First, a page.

The opinion of the court was delivered by: Susan Illston, United States District Judge.
ORDER DENYING PETITION FOR
WRIT OF HABEAS CORPUS
This matter is now before the court for consideration of the merits of Raymond Leon Johnson's pro se petition for writ of habeas corpus concerning his 1999 conviction. For the reasons discussed below, the petition will be denied.
Following a jury trial in Santa Clara County Superior Court, Raymond Leon Johnson was convicted of rape, forced oral copulation, battery and failing to register as a sex offender. The trial court found true allegations that Johnson had sustained prior felony convictions for rape and assault with force likely to produce great bodily injury, found true an allegation that a prior assault conviction was a serious felony, and found true an allegation that Johnson had served a prior prison term. On June 10, 1999, Johnson was sentenced to a term of 105 years to life in prison. He appealed. His conviction was affirmed by the California Court of Appeal and his petition for review was denied by the California Supreme Court. He filed unsuccessful petitions for writ of habeas corpus in state court.
Johnson filed this action in May 2001. His federal habeas petition contains four claims for relief: First, he alleges that his right to due process was violated when the trial judge denied his motion to sever the charge of failing to register as a sex offender from the other charges. Second, he contends that the trial court's limiting instructions were "ineffective to prevent consideration of [his] convicted felony sex offender status as evidence of his guilt of other charges, thus impermissibly lightening the prosecution's burden of proof and violating [his] federal Constitutional right to be convicted only on a proof beyond a reasonable doubt." Petition For Review, p. 2. Third, he contends that he received ineffective assistance of counsel in that, once the severance motion was denied, counsel failed to consider other ways to prevent the jury from learning of his failure to register as a sex offender, e.g., bifurcation of the trial or a guilty plea to that charge. Fourth, he claims that his sentence amounted to cruel and unusual punishment and violated his right to due process. The parties have briefed the merits of the claims and the matter is ready for a decision.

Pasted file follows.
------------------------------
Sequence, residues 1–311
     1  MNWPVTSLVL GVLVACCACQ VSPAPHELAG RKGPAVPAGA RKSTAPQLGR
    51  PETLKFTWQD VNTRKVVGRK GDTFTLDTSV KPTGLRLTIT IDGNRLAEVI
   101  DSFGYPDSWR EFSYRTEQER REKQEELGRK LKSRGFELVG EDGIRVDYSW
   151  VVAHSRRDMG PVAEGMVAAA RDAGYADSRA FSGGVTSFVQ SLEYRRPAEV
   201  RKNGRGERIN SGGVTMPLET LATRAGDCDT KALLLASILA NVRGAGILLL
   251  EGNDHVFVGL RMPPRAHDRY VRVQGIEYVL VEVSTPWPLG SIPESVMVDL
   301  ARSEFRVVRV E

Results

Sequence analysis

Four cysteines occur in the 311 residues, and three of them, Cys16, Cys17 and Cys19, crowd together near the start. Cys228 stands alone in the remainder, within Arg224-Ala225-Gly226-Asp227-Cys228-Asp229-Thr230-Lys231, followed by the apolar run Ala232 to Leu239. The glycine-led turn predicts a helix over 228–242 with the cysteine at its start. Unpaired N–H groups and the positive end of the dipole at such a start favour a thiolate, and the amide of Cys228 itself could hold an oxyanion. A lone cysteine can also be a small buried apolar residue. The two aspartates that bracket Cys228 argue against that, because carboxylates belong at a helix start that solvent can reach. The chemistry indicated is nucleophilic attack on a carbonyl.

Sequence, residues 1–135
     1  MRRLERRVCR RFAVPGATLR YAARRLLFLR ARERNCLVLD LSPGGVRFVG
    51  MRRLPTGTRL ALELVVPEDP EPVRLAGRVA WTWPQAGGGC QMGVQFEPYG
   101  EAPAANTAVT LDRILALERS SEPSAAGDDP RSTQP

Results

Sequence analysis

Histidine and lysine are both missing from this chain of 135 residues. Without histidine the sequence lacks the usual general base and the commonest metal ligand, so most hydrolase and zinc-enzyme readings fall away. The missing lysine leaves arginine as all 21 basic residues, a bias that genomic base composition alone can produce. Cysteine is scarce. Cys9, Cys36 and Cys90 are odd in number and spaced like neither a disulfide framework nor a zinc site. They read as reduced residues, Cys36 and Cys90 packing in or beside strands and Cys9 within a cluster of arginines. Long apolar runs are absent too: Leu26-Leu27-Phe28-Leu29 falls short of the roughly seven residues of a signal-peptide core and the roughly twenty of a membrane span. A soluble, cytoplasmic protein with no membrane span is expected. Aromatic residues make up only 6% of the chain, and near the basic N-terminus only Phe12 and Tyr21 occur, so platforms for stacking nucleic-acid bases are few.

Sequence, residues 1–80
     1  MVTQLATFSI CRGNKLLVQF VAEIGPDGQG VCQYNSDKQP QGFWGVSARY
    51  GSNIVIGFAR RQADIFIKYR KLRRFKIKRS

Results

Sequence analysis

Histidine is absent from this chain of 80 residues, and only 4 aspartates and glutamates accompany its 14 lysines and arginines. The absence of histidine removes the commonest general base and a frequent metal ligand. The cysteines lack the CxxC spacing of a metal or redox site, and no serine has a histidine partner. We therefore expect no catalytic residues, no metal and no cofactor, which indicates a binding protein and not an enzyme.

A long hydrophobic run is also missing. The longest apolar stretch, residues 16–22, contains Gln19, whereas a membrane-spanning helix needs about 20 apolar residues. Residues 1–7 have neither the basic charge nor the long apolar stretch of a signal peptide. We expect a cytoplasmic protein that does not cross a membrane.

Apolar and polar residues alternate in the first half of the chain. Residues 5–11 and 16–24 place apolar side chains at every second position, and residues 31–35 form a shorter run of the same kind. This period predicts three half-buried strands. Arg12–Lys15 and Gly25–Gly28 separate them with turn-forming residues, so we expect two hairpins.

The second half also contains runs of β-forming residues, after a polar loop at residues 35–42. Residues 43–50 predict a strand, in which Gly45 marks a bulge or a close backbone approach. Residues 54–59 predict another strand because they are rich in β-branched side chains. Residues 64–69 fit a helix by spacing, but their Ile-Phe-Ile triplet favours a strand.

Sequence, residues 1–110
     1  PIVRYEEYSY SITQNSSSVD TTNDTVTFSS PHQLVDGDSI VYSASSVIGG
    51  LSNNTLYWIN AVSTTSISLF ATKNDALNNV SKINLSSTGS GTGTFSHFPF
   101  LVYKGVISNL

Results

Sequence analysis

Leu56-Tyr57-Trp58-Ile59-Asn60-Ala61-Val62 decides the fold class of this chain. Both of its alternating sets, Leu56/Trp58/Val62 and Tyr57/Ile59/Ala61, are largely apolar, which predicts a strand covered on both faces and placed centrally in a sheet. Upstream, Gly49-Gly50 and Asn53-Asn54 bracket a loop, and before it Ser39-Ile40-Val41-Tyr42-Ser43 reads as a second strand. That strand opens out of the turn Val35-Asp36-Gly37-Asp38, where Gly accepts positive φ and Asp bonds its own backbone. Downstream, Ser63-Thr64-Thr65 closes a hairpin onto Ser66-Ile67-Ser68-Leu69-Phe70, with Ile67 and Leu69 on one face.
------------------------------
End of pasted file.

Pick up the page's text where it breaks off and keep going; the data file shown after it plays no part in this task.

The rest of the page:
Johnson met Jane Doe in May 1997; they moved in together in July 1997 and the crimes occurred in December 1997. For the most part, their sexual encounters were positive and mutually gratifying. As time went on, however, Johnson became more physically and mentally abusive: he became possessive, controlling, threatening, and even struck her on several occasions. "On three different occasions, she suffered a black eye, a bloody nose and a bloody lip. On another occasion in the car, defendant placed his rope belt and his hands around her neck and hit her. After such incidents, defendant was very apologetic. Ms. Doe was ashamed and allowed the abuse to continue just to survive." Cal. Ct. App. Opinion, p. 3. On the day of the crimes, Johnson confronted Doe when she came home from work late; he accused her of cheating on him and threatened her. He was angry and spoke in a raised voice, then hit her (breaking her glasses and causing a bloody nose and two black eyes). He then had sex with her, despite her protests and requests for him to stop. He left the room, but came back later and forced her to orally copulate him and again forced her to have sex with him, despite her protests and requests for him to stop. Doe did not report the incident to the police until a couple of days later. Johnson had previously threatened to have her killed if she called the police.
Johnson's position at trial was that he and Doe had argued, he had simply slapped her face, and then they made up by having sex on this occasion as they had in the past. He admitted to a police officer when interviewed on December 5, 1997 that he had had sex with Doe, but said the sexual encounters were consensual and that he believed Doe was retaliating against him for threatening to turn her in to authorities for using drugs.
Johnson admitted to the police that he was required to register for a prior felony sex offense conviction and that he had changed addresses several times in the seven months since he had last registered.
This court may entertain a petition for writ of habeas corpus "in behalf of a person in custody pursuant to the judgment of a State court only on the ground that he is in custody in violation of the Constitution or laws or treaties of the United States." 28 U.S.C. § 2254 (a). The petition may not be granted with respect to any claim that was adjudicated on the merits in state court unless the state court's adjudication of the claim: "(1) resulted in a decision that was contrary to, or involved an unreasonable application of, clearly established Federal law, as determined by the Supreme Court of the United States; or (2) resulted in a decision that was based on an unreasonable ...